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Pilloring Pillar of Political Stability (Why We Should Keep The Electoral College As Is)
Forbes Magazine ^ | 08 October 2007 | Steve Forbes

Posted on 10/18/2007 12:52:32 PM PDT by shrinkermd

Ever since the 2000 Presidential Election, powerful movements have been afoot to alter or abolish the Electoral College. After all, critics complain, Al Gore won the popular vote, but Bush won the presidency because he had a narrow victory in the Electoral College. "How undemocratic can you get?" they cry.

Why should this political battle concern investors? Because the Electoral College encourages political stability--a basic condition for long-term progress.

Undermining it would have adverse consequences for wealth creation and entrepreneurial opportunity in the U.S.

One approach: to have states award their electoral votes on the basis of who wins each congressional district instead of going with the traditional winner takes all. Maine and Nebraska already have provisions that do just that. Under this scheme a Republican presidential candidate could carry the state of Nebraska, but if his Democratic opponent won one of the state's three congressional districts she would receive one electoral vote; the Republican would get four instead of five.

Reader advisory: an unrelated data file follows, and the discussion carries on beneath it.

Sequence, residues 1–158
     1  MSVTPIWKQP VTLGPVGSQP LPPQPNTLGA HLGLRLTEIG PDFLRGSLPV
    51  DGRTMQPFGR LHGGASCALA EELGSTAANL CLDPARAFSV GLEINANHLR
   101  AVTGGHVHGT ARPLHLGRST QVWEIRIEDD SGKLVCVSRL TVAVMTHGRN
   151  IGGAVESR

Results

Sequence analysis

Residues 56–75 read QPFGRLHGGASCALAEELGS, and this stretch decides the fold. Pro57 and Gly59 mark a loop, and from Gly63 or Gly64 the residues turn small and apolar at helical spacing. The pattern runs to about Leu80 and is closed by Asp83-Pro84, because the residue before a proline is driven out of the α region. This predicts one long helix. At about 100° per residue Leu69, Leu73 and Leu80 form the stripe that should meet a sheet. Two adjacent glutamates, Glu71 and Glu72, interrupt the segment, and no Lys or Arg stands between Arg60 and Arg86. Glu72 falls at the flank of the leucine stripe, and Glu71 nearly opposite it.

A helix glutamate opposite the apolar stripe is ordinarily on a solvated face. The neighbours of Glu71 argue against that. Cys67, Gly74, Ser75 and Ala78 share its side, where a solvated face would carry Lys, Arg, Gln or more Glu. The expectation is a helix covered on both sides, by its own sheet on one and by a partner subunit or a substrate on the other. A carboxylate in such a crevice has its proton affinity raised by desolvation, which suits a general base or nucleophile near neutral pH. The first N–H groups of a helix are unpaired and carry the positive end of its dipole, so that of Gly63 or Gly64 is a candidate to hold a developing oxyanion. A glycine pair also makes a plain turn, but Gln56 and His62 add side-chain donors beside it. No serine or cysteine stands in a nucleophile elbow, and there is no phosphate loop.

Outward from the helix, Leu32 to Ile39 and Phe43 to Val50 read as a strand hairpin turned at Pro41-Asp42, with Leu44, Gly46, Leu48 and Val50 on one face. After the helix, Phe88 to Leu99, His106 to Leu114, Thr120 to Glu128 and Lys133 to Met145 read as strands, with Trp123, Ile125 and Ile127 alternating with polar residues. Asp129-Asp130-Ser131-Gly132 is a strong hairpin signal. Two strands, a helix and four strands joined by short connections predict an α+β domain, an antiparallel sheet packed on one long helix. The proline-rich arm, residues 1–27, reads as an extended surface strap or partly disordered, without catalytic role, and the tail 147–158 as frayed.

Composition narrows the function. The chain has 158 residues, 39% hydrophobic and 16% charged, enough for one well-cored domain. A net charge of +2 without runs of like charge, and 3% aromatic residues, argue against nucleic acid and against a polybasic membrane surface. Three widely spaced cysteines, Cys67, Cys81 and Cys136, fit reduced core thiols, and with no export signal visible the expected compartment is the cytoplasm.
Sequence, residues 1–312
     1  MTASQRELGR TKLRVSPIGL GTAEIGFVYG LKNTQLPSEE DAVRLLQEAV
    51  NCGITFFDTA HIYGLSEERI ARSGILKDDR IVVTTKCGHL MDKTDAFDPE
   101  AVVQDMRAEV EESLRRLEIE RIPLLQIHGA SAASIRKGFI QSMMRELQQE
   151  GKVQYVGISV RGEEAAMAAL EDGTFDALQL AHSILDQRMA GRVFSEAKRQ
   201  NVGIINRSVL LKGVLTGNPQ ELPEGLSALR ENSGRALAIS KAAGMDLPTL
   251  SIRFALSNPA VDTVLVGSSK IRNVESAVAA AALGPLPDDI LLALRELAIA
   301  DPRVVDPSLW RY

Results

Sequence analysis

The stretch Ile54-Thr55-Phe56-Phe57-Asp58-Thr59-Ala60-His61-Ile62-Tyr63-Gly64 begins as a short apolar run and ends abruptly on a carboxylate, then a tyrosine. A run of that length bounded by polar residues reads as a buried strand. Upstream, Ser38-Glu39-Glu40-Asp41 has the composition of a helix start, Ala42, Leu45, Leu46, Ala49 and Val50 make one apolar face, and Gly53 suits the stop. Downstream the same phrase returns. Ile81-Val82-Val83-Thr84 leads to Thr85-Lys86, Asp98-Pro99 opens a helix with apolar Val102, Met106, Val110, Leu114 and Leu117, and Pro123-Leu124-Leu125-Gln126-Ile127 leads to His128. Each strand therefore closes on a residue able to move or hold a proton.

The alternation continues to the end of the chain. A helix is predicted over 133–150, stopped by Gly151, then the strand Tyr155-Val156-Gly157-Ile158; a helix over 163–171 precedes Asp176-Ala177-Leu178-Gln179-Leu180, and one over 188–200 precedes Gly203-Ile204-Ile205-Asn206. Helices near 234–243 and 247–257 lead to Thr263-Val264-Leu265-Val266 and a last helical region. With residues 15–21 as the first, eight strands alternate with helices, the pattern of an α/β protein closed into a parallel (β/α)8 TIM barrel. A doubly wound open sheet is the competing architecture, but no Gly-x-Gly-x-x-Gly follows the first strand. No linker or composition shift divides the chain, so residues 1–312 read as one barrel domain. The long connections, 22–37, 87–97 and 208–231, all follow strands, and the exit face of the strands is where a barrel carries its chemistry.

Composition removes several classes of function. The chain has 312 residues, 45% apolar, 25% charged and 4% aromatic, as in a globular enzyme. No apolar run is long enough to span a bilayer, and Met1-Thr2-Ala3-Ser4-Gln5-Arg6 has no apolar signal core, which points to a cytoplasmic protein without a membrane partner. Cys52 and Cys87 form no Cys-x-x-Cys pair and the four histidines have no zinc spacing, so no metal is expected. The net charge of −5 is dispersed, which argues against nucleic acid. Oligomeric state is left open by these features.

Republicans are pushing just such a change in California. They're proposing a ballot initiative for next June's statewide primary election that would award electoral votes based on the winner of each congressional district.

...The whole idea should be consigned to a dumpster. Winner by congressional district would be even more "undemocratic" than the current rules. Most boundaries are corruptly drawn, designed to protect incumbents or give advantage to the dominant party drawing the lines. In Texas the GOP "flipped" several seats to its side in 2004 by artistically redrawing congressional districts. In California both parties, by mutual agreement, rigged districts so that every incumbent would win reelection. Nationwide, only 60, at most, of the 435 congressional districts can be considered competitive

(Excerpt) Read more at members.forbes.com ...


TOPICS: Constitution/Conservatism; Editorial; Politics/Elections
KEYWORDS: college; electoral; electoralcollege
"...This uniquely American institution serves our country extremely well. It forces serious candidates to wage national campaigns. One has to win a majority of electoral votes to capture the White House. Thus, regional or single-issue candidates have no hope of achieving victory. While most of us share basic principles, we are a diverse country in our interests and attitudes toward numerous issues.

'...Presidential aspirants, if they are to triumph, must create nationwide coalitions of supporters; they are pushed to bring diverse groups together. Thus, the College usually mitigates divisions instead of inflaming them.

1 posted on 10/18/2007 12:52:39 PM PDT by shrinkermd
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To: shrinkermd
Here we go again.

From the November 1996 issue of "Discover" magazine:

Math Against Tyranny

2 posted on 10/18/2007 1:00:45 PM PDT by DuncanWaring (The Lord uses the good ones; the bad ones use the Lord.)
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To: shrinkermd

BWAAA WAAAAA WAAAA!! We didn’t get our way! It’s all the fault of the Electoral College! Boohoohoo! What’s its point? Let’s get rid of it!